What do Members of Parliament Do?
MPs have three major responsibilities: legislating in Parliament, representing their riding and political party, and serving their constituents’ needs. Policymaking is the domain of Cabinet, its ministers and the senior public service; MPs as a group have less effect in policy formation, although some MPs claim a strong voice in caucus and in committees. Part of an MP’s representative role is responding to the grievances of constituents. MPs are elected to represent the interests of the people in their constituencies — where they maintain an office. As representatives, MPs propose, debate and vote on legislation, engage in committee work, speak on matters of local, regional and national importance in the House of Commons (and during caucus meetings), and ask questions of the prime minister and of Cabinet ministers when Parliament is in session. They also review government spending estimates and vote on federal budgets.
Roles in the House of Commons
Members of Parliament occupy different roles and levels of influence in government. Members can be assigned or elected to a variety of positions, including speaker, house leader, party whip, committee chair, Cabinet minister or opposition critic. Members of Parliament are paid public servants whose yearly salary starts at $170,400. Members with additional responsibilities (including the prime minister and the positions listed above) earn higher salaries as well as additional perks such as a car allowance.
The prime minister is the head of the federal government, but he or she is also an elected Member of Parliament. In the party system, the leader of the party with the most support in the House of Commons normally becomes prime minister — people are not specifically elected to the position. Party leaders can become prime minister even if they are not an MP (e.g., John Turner spent most of his term as prime minister outside of Commons); however, convention would urge them to seek a seat in a general election or a by-election. The prime minister sets policy direction, manages government, directs and appoints Cabinet, meets with foreign delegations and answers questions — from opposition members and sometimes from backbenchers in his or her party — when Parliament is in session. The prime minister and Cabinet must maintain the support (or confidence) of the majority of MPs in the house in order to govern.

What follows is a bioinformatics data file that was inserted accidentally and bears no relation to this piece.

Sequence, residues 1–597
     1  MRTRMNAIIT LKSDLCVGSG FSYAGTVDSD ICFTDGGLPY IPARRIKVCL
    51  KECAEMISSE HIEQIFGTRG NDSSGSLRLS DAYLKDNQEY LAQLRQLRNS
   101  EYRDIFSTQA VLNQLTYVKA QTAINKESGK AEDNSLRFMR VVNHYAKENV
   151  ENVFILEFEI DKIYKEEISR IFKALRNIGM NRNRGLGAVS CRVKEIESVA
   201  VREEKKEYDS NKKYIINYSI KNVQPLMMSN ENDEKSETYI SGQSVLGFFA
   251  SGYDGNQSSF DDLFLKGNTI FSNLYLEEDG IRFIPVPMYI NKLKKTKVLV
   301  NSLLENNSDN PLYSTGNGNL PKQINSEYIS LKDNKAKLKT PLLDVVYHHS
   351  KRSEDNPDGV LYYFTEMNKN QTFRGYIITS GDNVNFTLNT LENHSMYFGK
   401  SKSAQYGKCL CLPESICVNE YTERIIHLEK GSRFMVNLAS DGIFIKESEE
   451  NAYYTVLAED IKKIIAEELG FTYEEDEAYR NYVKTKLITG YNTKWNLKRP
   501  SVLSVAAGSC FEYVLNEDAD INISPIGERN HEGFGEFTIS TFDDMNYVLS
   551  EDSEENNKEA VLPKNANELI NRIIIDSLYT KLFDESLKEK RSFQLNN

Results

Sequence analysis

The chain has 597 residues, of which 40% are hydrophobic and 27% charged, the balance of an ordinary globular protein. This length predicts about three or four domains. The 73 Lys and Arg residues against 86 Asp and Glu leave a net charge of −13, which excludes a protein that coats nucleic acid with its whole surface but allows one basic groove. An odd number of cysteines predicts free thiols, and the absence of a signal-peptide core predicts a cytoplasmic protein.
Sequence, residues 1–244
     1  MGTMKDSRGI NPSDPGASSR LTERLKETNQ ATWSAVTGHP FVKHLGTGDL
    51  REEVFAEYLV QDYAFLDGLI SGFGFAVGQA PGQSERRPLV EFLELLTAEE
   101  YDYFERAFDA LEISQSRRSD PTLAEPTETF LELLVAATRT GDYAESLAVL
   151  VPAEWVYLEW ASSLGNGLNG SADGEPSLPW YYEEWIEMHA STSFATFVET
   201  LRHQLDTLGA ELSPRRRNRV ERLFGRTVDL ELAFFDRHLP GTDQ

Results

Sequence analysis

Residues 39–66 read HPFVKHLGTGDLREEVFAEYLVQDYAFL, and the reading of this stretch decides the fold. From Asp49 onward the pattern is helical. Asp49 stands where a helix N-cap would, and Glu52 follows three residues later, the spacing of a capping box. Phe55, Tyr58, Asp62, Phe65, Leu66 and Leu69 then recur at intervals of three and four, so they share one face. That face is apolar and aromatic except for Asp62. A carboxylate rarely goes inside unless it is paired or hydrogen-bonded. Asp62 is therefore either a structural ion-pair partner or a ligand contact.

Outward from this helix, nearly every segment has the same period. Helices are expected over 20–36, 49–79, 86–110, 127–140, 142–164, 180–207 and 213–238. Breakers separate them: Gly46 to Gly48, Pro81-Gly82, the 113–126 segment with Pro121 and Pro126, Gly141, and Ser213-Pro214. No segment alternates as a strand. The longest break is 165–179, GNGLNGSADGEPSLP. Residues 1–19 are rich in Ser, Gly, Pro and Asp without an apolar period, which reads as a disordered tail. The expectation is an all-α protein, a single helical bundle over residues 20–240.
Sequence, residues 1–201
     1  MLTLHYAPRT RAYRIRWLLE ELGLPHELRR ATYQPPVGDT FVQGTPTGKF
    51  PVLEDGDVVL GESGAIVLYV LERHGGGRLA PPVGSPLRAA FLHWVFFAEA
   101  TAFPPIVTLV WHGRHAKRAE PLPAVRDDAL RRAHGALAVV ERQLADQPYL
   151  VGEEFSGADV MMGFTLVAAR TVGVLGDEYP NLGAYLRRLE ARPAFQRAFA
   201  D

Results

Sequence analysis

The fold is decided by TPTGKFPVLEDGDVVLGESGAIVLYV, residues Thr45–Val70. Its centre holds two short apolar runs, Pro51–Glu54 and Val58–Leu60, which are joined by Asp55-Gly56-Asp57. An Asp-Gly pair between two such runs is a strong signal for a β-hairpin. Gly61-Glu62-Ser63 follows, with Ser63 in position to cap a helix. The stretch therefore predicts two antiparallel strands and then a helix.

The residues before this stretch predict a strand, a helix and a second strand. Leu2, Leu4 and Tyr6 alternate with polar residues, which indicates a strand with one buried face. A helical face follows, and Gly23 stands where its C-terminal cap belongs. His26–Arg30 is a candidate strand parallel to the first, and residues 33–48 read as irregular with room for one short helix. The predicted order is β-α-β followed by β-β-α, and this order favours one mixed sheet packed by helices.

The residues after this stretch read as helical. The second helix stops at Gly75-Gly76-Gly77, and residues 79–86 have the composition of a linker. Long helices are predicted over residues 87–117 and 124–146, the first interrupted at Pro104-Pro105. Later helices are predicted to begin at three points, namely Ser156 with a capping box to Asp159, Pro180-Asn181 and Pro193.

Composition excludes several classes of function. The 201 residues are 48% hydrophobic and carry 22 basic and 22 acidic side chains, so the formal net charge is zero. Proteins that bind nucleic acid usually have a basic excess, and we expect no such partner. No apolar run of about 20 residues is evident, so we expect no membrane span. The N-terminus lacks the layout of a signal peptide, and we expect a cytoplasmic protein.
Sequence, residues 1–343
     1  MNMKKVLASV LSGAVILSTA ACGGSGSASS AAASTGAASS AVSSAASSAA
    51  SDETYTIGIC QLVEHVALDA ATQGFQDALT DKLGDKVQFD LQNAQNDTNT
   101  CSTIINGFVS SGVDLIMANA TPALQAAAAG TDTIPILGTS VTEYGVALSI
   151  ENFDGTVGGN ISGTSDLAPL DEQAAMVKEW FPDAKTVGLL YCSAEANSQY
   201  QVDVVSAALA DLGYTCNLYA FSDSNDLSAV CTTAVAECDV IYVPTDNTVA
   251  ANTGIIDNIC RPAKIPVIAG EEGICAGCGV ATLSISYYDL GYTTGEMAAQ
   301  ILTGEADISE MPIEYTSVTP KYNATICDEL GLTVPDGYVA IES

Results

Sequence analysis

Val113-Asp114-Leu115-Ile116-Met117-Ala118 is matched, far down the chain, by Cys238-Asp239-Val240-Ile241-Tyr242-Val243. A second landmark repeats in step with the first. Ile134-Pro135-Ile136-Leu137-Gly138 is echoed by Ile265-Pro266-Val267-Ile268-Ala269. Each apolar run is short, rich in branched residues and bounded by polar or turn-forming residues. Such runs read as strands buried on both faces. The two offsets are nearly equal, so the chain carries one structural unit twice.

Certain members — traditionally from the party holding the most seats in the House of Commons, but not always — are appointed to Cabinet, the committee of ministers that holds executive power. Most Cabinet ministers are the formal head of one or more government ministries. Those ministries often include safety, health, employment, defence, environment, Indigenous and northern affairs, natural resources, economic development, immigration, agriculture, transportation, tourism, foreign affairs, justice, intergovernmental affairs and finance, among others.
Ministers set departmental priorities, draft public policy, serve on committees and propose legislation.
In the party system, opposition parties form what are known as “shadow Cabinets,” which mirror Cabinet. Shadow ministers (generally referred to as opposition critics) hold the government to account, offering alternative policy, and expressing their party’s position and message.
Members who are not in Cabinet are known by the term backbencher because they historically sat on a bench in the back of Parliament. Principal work for all backbench members is providing services to constituents; policy making in conjunction with the party caucus; and being members of various committees reviewing legislation.
There are 338 seats in the House of Commons, distributed among the provinces and territories. Those seats are allocated by a procedure known as redistribution and change every 10 years, after a census in a year ending in “1,” such as 2011 — known as a “decennial census.”
This map references the number of federal electoral districts, or "ridings," in each province and territory. There are 338 districts in total, representing as many seats in the House of Commons.
Elected Members of Parliament
Any Canadian citizen who is at least 18 years old on election day can run for office. Virtually all MPs are elected as a member of a political party, but some may campaign or sit as independents.
MPs generally possess a high level of education. After the 2015 election, 227 MPs had bachelor’s degrees, 97 had master’s degrees and 14 had PhDs. Many are elected to serve in the federal government after serving in provincial, territorial or municipal government. Many others enter politics from the private sector. Common professions include careers in business, law, consultancy, teaching and journalism. MPs are mostly male (74 per cent) and middle-aged (on average, 51 years old). Their careers are usually short-lived — on average, eight years, or two terms — due to shifting electoral behaviour.
Diversity in the House of Commons
In 2015, 11 Indigenous people (6 First Nation, 3 Métis and 2 Inuit) were elected to the House of Commons. Forty-one MPs were born outside of Canada. At least 46 people of colour (people who are not White or of European ancestry) were elected in 2015 — accounting for 13.6 per cent of seats, a jump from 28 people of colour elected in 2011, representing 9.1 per cent of seats. Data shows that the percentage of people of colour in Parliament has increased at a slow pace since 1993. According to the 2011 National Household Survey, 19.1 per cent of the Canadian population are people of colour.
The number of women candidates who ran in federal elections increased from 373 in 2000 to 533 in 2015. However, the percentage of women candidates elected as MPs remained at about 16 per cent during the same period. As of early 2017, there were 88 women in the House of Commons, accounting for just over 26 per cent of seats.